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Mark Raidpere: “The only reprieve in the existence of this unhappy species comes from the ability to create art”

Ave Randviir (1-2/2009)

 Mark Raidpere , winner of the Ars Fennica award, talks to KUNST.EE’s Ave Randviir
You studied at Tallinn’s Secondary School No. 21, where legendary teacher Tiina Meeri has been teaching art history for over twenty years. Many of the school’s graduates have gone on to study art (history) or have proceeded straight to an artist’s vocation without even entering the Estonian Academy of Arts – you are one of those people. What role did Tiina Meeri play in forming your interests? Is there anyone you would say has been a guide or mentor to you?
Naturally Tiina Meeri holds a revered place in my school years. I remember her above all as a teacher with great charisma, whose lessons (90-minute slide lectures) were extremely dense with information. Incidentally, she had an unusual habit of assigning grades quantitatively – if she especially liked some essay or exam result then the student would get two or three ‘fives’ all at once. She started the tradition of ‘art week’ that paved the way for yet more uninhibited activity, and encouraged personal initiative from anyone who showed even a little effort.
Looking back at my not-so-happy school days, I should mention a few of my classmates – Hanno Soans and Kaspar Jancis were among them. My closest personal contacts had come before adolescence, but in any event the mere fact that those people were around was important. Presumably, the projects that Hanno and I have been involved in together would have been very different had we not already had a common history and shared background.
Still, I consider my unusual family relationships to have been the most important. My parents were distant from art, but I suppose out of a sense of duty they dragged me to all sorts of bastions of culture more often than was normal. Above all, they would take me to the theatre, but museums and cinemas were also well-trodden territory for us. I have spoken before about the role my father played in my becoming a photographer, but it is more difficult to explain the indisputable impact of his particular mindset on my developing into a creative person in the first place.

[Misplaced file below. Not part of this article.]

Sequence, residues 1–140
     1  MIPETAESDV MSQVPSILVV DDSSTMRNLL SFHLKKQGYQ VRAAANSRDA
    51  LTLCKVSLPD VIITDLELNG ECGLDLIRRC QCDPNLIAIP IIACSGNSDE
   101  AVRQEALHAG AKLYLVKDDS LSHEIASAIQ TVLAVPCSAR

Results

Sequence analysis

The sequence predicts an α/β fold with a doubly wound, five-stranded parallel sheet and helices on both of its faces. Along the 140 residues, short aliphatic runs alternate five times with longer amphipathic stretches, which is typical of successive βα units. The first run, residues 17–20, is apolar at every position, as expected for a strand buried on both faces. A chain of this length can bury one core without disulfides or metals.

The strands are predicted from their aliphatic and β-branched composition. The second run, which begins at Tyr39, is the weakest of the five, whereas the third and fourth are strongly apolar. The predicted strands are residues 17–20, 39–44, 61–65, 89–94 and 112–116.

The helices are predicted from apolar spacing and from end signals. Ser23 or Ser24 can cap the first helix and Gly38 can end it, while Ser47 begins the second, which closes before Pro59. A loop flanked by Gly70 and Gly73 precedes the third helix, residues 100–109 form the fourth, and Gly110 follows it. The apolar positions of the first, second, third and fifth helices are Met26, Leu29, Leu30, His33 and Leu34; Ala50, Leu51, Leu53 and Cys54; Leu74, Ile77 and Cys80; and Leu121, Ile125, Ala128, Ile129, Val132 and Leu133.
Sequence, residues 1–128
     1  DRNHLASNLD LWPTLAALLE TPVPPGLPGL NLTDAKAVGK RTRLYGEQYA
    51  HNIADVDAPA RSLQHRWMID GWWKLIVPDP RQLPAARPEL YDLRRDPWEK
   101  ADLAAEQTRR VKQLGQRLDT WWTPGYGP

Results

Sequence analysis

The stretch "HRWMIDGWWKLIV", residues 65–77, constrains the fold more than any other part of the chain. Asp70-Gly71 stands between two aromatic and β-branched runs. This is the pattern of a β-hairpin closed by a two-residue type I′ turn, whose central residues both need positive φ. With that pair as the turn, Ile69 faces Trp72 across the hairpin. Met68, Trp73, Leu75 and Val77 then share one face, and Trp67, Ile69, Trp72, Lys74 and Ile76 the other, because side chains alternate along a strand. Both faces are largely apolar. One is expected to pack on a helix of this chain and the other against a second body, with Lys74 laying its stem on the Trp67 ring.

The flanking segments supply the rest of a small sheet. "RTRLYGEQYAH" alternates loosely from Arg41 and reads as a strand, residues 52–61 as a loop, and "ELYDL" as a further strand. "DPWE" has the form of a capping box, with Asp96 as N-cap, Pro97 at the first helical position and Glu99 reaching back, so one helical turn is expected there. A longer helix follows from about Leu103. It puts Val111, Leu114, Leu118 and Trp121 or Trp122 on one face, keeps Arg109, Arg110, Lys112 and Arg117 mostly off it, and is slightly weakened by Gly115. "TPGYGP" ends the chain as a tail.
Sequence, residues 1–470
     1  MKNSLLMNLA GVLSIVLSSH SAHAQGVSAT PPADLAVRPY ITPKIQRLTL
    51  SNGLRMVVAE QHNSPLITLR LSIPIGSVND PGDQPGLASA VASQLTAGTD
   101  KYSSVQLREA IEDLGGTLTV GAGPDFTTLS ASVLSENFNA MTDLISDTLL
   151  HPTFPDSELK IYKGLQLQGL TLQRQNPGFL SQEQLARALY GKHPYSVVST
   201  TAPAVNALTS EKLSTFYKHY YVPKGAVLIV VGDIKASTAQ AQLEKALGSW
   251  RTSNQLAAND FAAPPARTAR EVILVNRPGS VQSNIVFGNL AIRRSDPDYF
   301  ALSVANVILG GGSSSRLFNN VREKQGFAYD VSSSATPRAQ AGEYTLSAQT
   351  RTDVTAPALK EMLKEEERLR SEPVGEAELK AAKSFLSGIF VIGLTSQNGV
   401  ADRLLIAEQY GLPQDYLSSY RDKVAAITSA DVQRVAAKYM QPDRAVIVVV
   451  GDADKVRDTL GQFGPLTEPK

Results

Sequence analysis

Regarding the later years, I must say that the infamous and extremely dynamic period that I shared with Ene-Liis Semper also included more constructive moments when, aside from having fun and enjoying the banter, I put away some creative truths for future reference and experimentation.
Hanno Soans has called your traumatic photo cycle Io (1997) your passport to contemporary art. After you became, so to speak, a fully-fledged citizen of the art world, you worked often with Hanno. He curated your Biennale exhibition, wrote about you and so on. How do you feel about your cooperation? I know that for you it is very important to maintain control over your work and what is written about you. What is your perception of the various art world institutions and personalities who, on the one hand, are expected to lend a hand to artists, but also want something from you? What do you expect a curator to do for you?
Well, concerning what is written about my work, I don’t really go overboard in trying to control it. But of course, like anyone else, I feel it is important that quotations are accurate and that no one plays fast and loose with facts. Recently I happened to see a segment on ETV culture news about the opening of my exhibition at Roubaix, in which the reporter began by saying that it was my first solo exhibition in France, and then at the end the studio presenter stated it again. I was really annoyed. The thing is, I have had two solo exhibitions in Paris and – vanity! – have even received an award there.